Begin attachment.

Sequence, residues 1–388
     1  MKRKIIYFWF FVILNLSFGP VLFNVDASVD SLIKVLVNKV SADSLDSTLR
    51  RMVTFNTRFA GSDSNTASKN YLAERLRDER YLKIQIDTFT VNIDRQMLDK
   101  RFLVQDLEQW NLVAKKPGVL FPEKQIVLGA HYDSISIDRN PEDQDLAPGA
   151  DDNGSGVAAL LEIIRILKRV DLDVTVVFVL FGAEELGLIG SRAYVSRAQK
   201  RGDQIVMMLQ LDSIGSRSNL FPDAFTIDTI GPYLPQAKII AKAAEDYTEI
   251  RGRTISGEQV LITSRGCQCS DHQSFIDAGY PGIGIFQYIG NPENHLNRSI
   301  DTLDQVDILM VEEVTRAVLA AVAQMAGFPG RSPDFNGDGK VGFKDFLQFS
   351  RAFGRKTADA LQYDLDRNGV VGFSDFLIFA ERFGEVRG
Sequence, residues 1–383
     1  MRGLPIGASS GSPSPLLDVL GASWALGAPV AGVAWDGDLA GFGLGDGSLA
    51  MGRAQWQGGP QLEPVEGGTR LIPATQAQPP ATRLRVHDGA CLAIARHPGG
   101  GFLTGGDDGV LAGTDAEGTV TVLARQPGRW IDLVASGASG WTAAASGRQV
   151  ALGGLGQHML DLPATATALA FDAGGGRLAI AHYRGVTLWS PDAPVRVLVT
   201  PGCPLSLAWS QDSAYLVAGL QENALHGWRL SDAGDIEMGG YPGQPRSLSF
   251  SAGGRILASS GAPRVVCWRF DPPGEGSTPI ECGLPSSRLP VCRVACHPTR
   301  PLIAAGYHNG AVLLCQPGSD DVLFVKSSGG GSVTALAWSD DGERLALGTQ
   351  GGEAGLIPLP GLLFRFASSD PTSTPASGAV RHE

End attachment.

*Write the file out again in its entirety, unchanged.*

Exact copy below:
Sequence, residues 1–388
     1  MKRKIIYFWF FVILNLSFGP VLFNVDASVD SLIKVLVNKV SADSLDSTLR
    51  RMVTFNTRFA GSDSNTASKN YLAERLRDER YLKIQIDTFT VNIDRQMLDK
   101  RFLVQDLEQW NLVAKKPGVL FPEKQIVLGA HYDSISIDRN PEDQDLAPGA
   151  DDNGSGVAAL LEIIRILKRV DLDVTVVFVL FGAEELGLIG SRAYVSRAQK
   201  RGDQIVMMLQ LDSIGSRSNL FPDAFTIDTI GPYLPQAKII AKAAEDYTEI
   251  RGRTISGEQV LITSRGCQCS DHQSFIDAGY PGIGIFQYIG NPENHLNRSI
   301  DTLDQVDILM VEEVTRAVLA AVAQMAGFPG RSPDFNGDGK VGFKDFLQFS
   351  RAFGRKTADA LQYDLDRNGV VGFSDFLIFA ERFGEVRG
Sequence, residues 1–383
     1  MRGLPIGASS GSPSPLLDVL GASWALGAPV AGVAWDGDLA GFGLGDGSLA
    51  MGRAQWQGGP QLEPVEGGTR LIPATQAQPP ATRLRVHDGA CLAIARHPGG
   101  GFLTGGDDGV LAGTDAEGTV TVLARQPGRW IDLVASGASG WTAAASGRQV
   151  ALGGLGQHML DLPATATALA FDAGGGRLAI AHYRGVTLWS PDAPVRVLVT
   201  PGCPLSLAWS QDSAYLVAGL QENALHGWRL SDAGDIEMGG YPGQPRSLSF
   251  SAGGRILASS GAPRVVCWRF DPPGEGSTPI ECGLPSSRLP VCRVACHPTR
   301  PLIAAGYHNG AVLLCQPGSD DVLFVKSSGG GSVTALAWSD DGERLALGTQ
   351  GGEAGLIPLP GLLFRFASSD PTSTPASGAV RHE